Through the form of your sculptures you also communicate gender forms. Some look like a lipstick and the piece Milli Bofilli is reminiscent of a high heel.
Many architectural forms are reminiscent of objects with which we are familiar and are then named accordingly: iron, tongues, shoes, or waves. My works Lipstick Building and Milli Bofilli are games of seduction and self-empowerment. The case of Lipstick Building is a reference both to makeup and the façade of a building. Questions of power, greatness and splendor arise for makeup is used to make something appear larger. One part of Milli Bofilli is a high heel that can’t be worn but the form of which still appears seductive. With Extra Extra Elle I built a series of model-like objects that are reminiscent of high heel shoes and the form of which is inspired by the architecture of Zaha Hadid, particularly the Bergisel ski jump.

03 Marusa Sagadin

Many of your works reference each other. Your lipstick sculpture is often exhibited in conjunction with Doris.
My works complement and support each other like “props” on a stage. In that regard they are editions of my works. Some things must stand on top of each other and sometimes I need a certain object duplicated to show both at the same time. This is the case when my sculptures are shown simultaneously in more than one exhibition. Therefore some works exist as two or three examples.

Your works undergo a continuous process of revision. Much is renegotiated, remodeled , or even completely destroyed. What’s that about?
I can’t store all of my sculptures, sometimes because of lack of space, sometimes because they are not good enough. Some works that I have already shown, can lose their focus or tension and appear no longer pertinent. Then I try to rebuild the tension by reworking, repainting or cutting the pieces. The old work does not disappear completely, but is still visible in the new work as for example in A Happy Hippie (Happy stories are all happy in the same way and unhappy each in their own way). It is like an ongoing evolvement. Once I felt almost embarrassed about this process in my art, but now I would say that it has become a part of my artistic practice.

As an artist you taught at the Academy of Fine Arts in Vienna for a long time. What influence did this experience have on your work?
Teaching at the academy was like a form of further education for me. It keeps you fit because it is a constant challenge to provide your students with new impulses. There was a good deal of give and take. I received an enormous amount of input from my students and colleagues, but one should stop when it becomes a routine.

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04 Marusa Sagadin

What architecture excites you and your work as an artist?
I like North American architecture and the city of Los Angeles. Los Angeles is immediately associated with Postmodernism as well as with a breach with the logic of Modernism and European urban culture. In my architectural studies, we were downright bombarded with the truth of Modernism and the opinion that Postmodernism was substandard and the inferiority of Postmodernism. But I love one’s own logic, kitsch, exaggeration, fakeness, and the sense of irony in Postmodernism. It leaves room for insignificance and ambiguity leading to the question of alternative identities.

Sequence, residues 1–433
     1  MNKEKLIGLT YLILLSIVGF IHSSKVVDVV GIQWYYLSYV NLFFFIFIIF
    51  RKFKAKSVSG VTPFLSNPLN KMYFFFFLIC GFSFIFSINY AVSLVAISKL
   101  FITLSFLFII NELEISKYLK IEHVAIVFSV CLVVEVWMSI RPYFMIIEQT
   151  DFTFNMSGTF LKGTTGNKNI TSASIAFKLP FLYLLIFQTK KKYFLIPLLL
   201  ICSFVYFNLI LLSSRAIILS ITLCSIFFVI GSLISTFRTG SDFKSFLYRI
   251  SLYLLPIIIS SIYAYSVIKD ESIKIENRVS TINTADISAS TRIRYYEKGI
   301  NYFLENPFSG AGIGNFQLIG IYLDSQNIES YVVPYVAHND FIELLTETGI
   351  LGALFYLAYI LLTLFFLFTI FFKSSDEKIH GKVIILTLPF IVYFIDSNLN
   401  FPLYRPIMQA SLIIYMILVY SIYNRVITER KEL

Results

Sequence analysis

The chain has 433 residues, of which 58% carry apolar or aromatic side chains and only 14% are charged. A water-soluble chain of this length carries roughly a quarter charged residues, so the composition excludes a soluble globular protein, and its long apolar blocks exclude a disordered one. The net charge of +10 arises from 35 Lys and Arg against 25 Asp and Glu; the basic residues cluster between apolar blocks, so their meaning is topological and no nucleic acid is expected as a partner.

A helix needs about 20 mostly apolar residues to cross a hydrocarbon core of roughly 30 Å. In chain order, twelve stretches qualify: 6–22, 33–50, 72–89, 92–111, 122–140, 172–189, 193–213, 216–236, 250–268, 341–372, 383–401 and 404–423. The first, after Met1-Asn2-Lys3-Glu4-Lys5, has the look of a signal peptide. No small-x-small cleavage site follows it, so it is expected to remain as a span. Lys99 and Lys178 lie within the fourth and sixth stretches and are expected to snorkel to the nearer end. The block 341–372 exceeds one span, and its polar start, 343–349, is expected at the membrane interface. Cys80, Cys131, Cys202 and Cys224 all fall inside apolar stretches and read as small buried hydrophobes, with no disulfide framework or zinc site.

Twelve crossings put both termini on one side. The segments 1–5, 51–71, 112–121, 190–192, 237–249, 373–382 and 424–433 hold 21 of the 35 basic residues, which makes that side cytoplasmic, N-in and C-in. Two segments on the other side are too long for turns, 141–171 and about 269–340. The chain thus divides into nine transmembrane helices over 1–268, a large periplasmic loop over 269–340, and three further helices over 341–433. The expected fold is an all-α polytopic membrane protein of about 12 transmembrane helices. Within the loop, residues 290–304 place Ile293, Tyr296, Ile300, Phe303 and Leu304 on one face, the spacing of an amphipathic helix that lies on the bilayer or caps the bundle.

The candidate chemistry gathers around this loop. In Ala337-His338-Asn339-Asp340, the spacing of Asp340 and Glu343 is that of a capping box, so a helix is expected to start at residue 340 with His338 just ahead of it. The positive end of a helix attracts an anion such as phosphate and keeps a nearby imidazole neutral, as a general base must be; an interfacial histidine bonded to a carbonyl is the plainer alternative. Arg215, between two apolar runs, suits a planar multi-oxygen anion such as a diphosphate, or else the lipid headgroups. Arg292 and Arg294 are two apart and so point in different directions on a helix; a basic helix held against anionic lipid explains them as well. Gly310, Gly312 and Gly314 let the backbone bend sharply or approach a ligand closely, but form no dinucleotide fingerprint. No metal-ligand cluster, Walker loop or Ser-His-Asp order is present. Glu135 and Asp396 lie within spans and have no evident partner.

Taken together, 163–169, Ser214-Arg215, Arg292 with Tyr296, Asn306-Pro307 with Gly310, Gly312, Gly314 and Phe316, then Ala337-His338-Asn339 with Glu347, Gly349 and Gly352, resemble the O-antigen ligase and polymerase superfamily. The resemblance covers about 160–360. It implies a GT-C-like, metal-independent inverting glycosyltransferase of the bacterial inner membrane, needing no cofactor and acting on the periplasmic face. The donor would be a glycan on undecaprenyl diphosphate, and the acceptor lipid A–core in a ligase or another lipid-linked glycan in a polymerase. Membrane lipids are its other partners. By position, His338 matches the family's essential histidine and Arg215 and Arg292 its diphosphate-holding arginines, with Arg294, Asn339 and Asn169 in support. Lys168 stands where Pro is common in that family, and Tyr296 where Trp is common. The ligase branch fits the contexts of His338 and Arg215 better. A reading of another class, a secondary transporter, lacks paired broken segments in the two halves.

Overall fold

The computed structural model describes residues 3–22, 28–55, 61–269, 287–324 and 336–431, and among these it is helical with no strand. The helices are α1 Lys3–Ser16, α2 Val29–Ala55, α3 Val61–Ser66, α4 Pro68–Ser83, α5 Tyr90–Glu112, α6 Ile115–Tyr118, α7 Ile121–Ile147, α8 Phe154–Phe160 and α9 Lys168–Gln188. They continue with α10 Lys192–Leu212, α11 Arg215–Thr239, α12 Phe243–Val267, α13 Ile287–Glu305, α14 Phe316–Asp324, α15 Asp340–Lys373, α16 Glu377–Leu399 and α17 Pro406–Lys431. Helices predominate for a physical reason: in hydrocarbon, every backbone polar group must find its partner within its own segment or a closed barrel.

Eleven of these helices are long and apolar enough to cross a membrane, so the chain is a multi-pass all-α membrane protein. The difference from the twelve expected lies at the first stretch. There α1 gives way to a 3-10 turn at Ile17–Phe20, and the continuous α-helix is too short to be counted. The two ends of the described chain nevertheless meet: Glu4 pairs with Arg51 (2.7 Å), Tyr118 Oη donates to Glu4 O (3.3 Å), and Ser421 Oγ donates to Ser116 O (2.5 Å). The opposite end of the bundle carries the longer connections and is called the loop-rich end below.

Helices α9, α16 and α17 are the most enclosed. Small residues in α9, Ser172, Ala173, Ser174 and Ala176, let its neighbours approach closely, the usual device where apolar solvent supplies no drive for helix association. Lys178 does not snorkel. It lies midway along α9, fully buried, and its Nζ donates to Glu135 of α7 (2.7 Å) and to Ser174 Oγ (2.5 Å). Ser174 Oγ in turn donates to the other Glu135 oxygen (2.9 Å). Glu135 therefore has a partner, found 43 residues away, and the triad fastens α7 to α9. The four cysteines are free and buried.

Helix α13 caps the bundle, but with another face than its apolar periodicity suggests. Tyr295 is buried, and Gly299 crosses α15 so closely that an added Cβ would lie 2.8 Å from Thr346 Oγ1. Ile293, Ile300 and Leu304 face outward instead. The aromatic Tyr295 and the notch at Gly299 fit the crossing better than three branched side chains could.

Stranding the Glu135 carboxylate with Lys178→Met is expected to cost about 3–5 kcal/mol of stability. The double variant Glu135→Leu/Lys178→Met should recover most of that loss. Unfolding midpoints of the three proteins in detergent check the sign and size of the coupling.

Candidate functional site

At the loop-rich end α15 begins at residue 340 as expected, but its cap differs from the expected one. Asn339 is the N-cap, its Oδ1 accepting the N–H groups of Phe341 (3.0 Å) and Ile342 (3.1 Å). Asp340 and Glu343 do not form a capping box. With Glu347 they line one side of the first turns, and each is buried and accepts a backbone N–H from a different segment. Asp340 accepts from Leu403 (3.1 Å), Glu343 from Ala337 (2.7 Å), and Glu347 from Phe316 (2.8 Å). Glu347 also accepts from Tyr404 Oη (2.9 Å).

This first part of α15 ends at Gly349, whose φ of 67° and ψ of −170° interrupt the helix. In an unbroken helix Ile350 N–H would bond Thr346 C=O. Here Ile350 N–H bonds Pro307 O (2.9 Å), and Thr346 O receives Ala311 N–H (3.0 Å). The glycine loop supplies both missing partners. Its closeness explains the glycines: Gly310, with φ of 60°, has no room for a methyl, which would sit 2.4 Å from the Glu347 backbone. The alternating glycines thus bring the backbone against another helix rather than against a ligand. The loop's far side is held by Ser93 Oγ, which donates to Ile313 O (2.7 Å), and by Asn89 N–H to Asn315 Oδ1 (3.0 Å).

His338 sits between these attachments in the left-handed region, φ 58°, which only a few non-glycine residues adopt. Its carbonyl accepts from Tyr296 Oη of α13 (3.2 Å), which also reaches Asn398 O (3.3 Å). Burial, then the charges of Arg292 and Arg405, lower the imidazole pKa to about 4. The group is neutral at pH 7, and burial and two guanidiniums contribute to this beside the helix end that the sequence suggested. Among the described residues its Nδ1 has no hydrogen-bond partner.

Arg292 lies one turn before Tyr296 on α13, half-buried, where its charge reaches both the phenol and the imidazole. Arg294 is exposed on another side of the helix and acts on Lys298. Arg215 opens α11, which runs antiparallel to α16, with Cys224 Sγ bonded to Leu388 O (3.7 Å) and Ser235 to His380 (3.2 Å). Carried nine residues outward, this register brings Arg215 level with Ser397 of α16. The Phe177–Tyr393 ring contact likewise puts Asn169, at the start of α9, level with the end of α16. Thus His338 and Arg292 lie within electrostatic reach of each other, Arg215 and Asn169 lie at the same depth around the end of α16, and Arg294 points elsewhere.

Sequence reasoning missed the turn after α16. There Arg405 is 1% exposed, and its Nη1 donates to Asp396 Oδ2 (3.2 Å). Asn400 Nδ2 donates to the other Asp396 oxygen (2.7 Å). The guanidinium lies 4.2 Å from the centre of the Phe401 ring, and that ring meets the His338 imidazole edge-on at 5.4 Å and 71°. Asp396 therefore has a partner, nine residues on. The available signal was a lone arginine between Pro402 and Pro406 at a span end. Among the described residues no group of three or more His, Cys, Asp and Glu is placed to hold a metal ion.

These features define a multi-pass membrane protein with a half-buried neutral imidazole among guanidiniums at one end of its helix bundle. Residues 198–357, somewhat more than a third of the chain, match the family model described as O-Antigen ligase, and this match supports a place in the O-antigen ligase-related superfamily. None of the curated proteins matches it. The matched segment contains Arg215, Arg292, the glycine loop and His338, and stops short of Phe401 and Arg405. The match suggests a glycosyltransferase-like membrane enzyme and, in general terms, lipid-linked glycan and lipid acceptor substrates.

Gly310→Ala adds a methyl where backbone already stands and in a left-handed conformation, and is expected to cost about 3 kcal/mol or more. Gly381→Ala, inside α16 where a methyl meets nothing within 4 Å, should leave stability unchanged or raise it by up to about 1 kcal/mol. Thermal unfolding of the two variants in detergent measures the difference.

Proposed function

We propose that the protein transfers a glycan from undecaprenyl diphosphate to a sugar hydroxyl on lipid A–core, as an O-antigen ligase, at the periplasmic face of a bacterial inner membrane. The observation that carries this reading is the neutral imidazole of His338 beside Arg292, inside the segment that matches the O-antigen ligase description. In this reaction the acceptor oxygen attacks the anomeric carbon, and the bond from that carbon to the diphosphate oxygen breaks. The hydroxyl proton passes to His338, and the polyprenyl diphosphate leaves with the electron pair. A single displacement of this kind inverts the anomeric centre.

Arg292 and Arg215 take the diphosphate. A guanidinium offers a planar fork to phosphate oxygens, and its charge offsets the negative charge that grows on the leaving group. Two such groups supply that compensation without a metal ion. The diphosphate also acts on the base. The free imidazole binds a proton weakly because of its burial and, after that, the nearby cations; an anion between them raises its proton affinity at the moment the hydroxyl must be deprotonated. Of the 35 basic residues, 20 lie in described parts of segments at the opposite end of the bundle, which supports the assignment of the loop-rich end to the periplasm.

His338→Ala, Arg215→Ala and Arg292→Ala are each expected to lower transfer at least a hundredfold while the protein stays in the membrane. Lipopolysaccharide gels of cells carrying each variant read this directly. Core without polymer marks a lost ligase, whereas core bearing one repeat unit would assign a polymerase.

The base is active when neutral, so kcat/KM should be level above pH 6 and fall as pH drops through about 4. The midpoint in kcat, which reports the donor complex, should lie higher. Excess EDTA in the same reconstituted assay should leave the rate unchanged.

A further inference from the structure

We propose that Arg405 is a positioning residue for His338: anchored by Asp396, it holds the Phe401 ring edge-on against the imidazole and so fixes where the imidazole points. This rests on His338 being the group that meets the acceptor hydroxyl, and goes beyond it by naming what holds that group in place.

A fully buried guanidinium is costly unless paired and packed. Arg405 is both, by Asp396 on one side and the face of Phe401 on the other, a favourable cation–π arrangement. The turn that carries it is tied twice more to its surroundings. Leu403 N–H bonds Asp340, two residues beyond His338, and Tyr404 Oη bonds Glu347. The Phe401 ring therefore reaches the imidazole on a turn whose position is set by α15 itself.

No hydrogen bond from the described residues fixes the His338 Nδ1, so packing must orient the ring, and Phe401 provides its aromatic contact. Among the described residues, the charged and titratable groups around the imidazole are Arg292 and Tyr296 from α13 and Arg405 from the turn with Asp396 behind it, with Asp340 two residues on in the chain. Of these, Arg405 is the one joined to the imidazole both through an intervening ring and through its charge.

Gender and questions associated with gender are concretely dealt with both in your work and your life. What is important to you in that regard?
One aspect in this regard is visibility. Sculpture is already a form of making something visible and because I transform content, images, and concepts into objects and haptic material in order to create a “remix”, I already show something that can’t be overlooked and demands its place. In my references I consciously search for content that breaks with the “mainstream” or shows the “mainstream” in a different light. In my previously mentioned exhibition Extra Extra Elle one asks oneself whether a prominent and once ubiquitous personality like Zaha Hadid to whom I attest as a focus, needs an additional stage. Perhaps not, but one must emphasize again and again that to date, she is the only female Pritzker Award recipient. That does not explicitly say that works about and by Zaha Hadid are “queer”, nevertheless through her example one can demonstrate many discrepancies and contradictions. The relentless search for new theories and approaches is an enormous stimulus. And I often make discoveries in the younger generation or through my esteemed colleagues Cäcilia Brown, Toni Schmale, Stefanie Siebold, Gabriele Edlbauer, to name just a few.

What do your exhibition plans look like?
Currently works of mine can be seen at Künstlerhaus Graz. At the end of May I cooperate with the artists Cäcilia Brown and Noële Ody on a sculptural setting for the Foyer of 21er Haus, in the context of the Public Program. An umbrella-like sculpture in the form of a “Cap” will be shown in Vienna’s Tenth District in September 2018.

05 Marusa Sagadin

A Happy Hippie 
(Happy stories are all happy in the same way and unhappy each in their own way), 2017
Wood, metal, concrete, paint

A Happy Hippie 
(Happy stories are all happy in the same way and unhappy each in their own way), 2017
Wood, metal, concrete, paint

Das Herz in der Hose, 2018
Wood, concrete, paint

Das Herz in der Hose, 2018
Wood, concrete, paint

Milli Bofilli, 2018
Wood, metall, concrete, paint

Milli Bofilli, 2018
Wood, metall, concrete, paint

Interview: Alexandra-Maria Toth
Photos: Florian Langhammer
Exhibition views of She in Caps: (c) Paul Knight, courtesy Koenig2_by robbygreif

Marusa Sagadin's Website
Galerie KOENIG2 by_robbygreif